The Friday, July 17th edition of the News under the heading “Church Notes” had the following: “Evening services at the Methodist Church have been resumed, and all those who do not have evening services at their own church are invited to come and worship. The service begins at 7:30 PM. Rev. Arthur Maly, Pastor, will speak on the subject “Frozen Assets”. There will also be special music.” (Looks like our new preacher was doing a little extra advertising. Hope he didn’t ruffle any other church’s feathers.) That Sunday, at morning worship, Rev. Maly preached on “Being Found Out”. Later at 3:30 in the afternoon, there was a piano recital at the church by Norma Clark and Carl Peterson. And, yes, the evening service sermon title was, indeed, “Frozen Assets”.
Next week’s News announced that the Sheet and Tube’s Men’s Chorus would sing at our church’s evening service at 7:30 PM. The Sheet and Tube Chorus was highly regarded for its excellent music, and apparently Rev. Maly was hoping it would attract new people to the evening service. Unfortunately we have no records of attendance at our church services from 75 years ago, so we will just have to wonder if the little advertising bits worked.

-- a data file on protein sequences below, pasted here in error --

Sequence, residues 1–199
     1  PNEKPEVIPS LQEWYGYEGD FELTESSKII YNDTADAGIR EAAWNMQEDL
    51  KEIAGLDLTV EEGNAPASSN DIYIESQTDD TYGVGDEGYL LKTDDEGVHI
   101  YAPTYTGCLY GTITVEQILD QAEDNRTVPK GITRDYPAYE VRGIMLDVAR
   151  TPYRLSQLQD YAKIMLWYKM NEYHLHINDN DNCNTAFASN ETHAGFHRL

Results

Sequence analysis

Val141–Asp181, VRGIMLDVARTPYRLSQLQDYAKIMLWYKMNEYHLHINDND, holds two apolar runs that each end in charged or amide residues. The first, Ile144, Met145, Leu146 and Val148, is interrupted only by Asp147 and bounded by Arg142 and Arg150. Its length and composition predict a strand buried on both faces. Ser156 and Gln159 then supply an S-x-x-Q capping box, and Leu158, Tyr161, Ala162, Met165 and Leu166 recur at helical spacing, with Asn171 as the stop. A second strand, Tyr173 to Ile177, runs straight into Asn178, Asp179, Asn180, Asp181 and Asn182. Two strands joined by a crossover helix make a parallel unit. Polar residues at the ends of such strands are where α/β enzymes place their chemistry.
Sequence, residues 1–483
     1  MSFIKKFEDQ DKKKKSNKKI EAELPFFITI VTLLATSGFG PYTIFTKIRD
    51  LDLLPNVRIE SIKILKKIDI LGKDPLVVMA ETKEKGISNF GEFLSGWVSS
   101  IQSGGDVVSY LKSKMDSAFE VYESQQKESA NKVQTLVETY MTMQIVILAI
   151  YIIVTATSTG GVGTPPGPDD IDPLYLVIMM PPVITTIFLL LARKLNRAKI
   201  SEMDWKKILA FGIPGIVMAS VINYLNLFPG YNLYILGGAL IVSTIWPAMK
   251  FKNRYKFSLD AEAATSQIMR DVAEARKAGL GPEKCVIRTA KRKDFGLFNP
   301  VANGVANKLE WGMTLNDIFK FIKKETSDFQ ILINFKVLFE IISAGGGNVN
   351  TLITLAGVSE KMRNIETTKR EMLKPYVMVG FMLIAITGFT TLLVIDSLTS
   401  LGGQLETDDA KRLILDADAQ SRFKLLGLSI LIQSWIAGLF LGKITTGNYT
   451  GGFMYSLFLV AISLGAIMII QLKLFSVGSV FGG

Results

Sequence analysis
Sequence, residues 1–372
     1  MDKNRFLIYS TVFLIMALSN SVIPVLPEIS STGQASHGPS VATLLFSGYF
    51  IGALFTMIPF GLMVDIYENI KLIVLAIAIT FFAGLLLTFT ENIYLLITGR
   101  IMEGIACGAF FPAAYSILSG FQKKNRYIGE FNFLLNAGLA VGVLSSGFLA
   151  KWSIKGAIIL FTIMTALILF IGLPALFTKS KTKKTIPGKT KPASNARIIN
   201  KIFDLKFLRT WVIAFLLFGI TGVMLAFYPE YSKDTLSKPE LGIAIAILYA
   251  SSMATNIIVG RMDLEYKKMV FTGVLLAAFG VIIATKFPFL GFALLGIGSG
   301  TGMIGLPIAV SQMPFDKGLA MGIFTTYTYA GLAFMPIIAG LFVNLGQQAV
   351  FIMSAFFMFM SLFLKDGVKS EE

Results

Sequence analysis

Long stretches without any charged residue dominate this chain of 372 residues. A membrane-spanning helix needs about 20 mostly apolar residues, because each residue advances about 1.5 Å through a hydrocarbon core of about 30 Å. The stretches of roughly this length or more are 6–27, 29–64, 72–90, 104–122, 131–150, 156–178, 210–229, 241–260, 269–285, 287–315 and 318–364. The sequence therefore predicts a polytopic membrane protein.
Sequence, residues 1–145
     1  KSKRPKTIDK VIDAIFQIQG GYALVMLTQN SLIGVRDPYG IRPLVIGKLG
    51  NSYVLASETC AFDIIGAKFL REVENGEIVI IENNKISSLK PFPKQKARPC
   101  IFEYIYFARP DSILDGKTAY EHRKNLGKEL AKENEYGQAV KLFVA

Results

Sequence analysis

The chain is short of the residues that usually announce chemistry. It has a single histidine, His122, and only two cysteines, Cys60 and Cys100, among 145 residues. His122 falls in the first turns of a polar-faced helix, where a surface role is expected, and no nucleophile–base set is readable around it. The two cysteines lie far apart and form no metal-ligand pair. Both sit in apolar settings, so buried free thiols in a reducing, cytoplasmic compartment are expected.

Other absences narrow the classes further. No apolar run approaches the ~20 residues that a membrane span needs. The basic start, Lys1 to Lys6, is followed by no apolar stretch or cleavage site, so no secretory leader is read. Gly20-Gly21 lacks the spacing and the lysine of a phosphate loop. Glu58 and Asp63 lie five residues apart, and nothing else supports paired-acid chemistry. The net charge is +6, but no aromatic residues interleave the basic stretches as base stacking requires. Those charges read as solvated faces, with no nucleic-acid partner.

The sports section of the News also did a little advertising for our church in its own way with the following short article: “Methodists First Half Champions of Church Basketball League”. It went on to note that the Methodist Church had beaten the Christian Church in the playoff game 36 to 34. The article went on to state that Evans was the Methodist Sparkplug with 20 points. The News had (to me) a maddening habit of referring to players with only their last names, sometimes with initial but not in this case. My guess would be Jack Evans but that is only a guess.
The headline for the January 31st edition of the Girard News read as follows: “Girard Draftees to Start Training – 47 Girard Draftees left Thursday morning for the Cleveland Armory for final entrance exams before leaving for Camp Shelby, Mississippi”. On that sobering note we will leave our church family in 1941 – seventy-five years ago in our church, our town, and our country.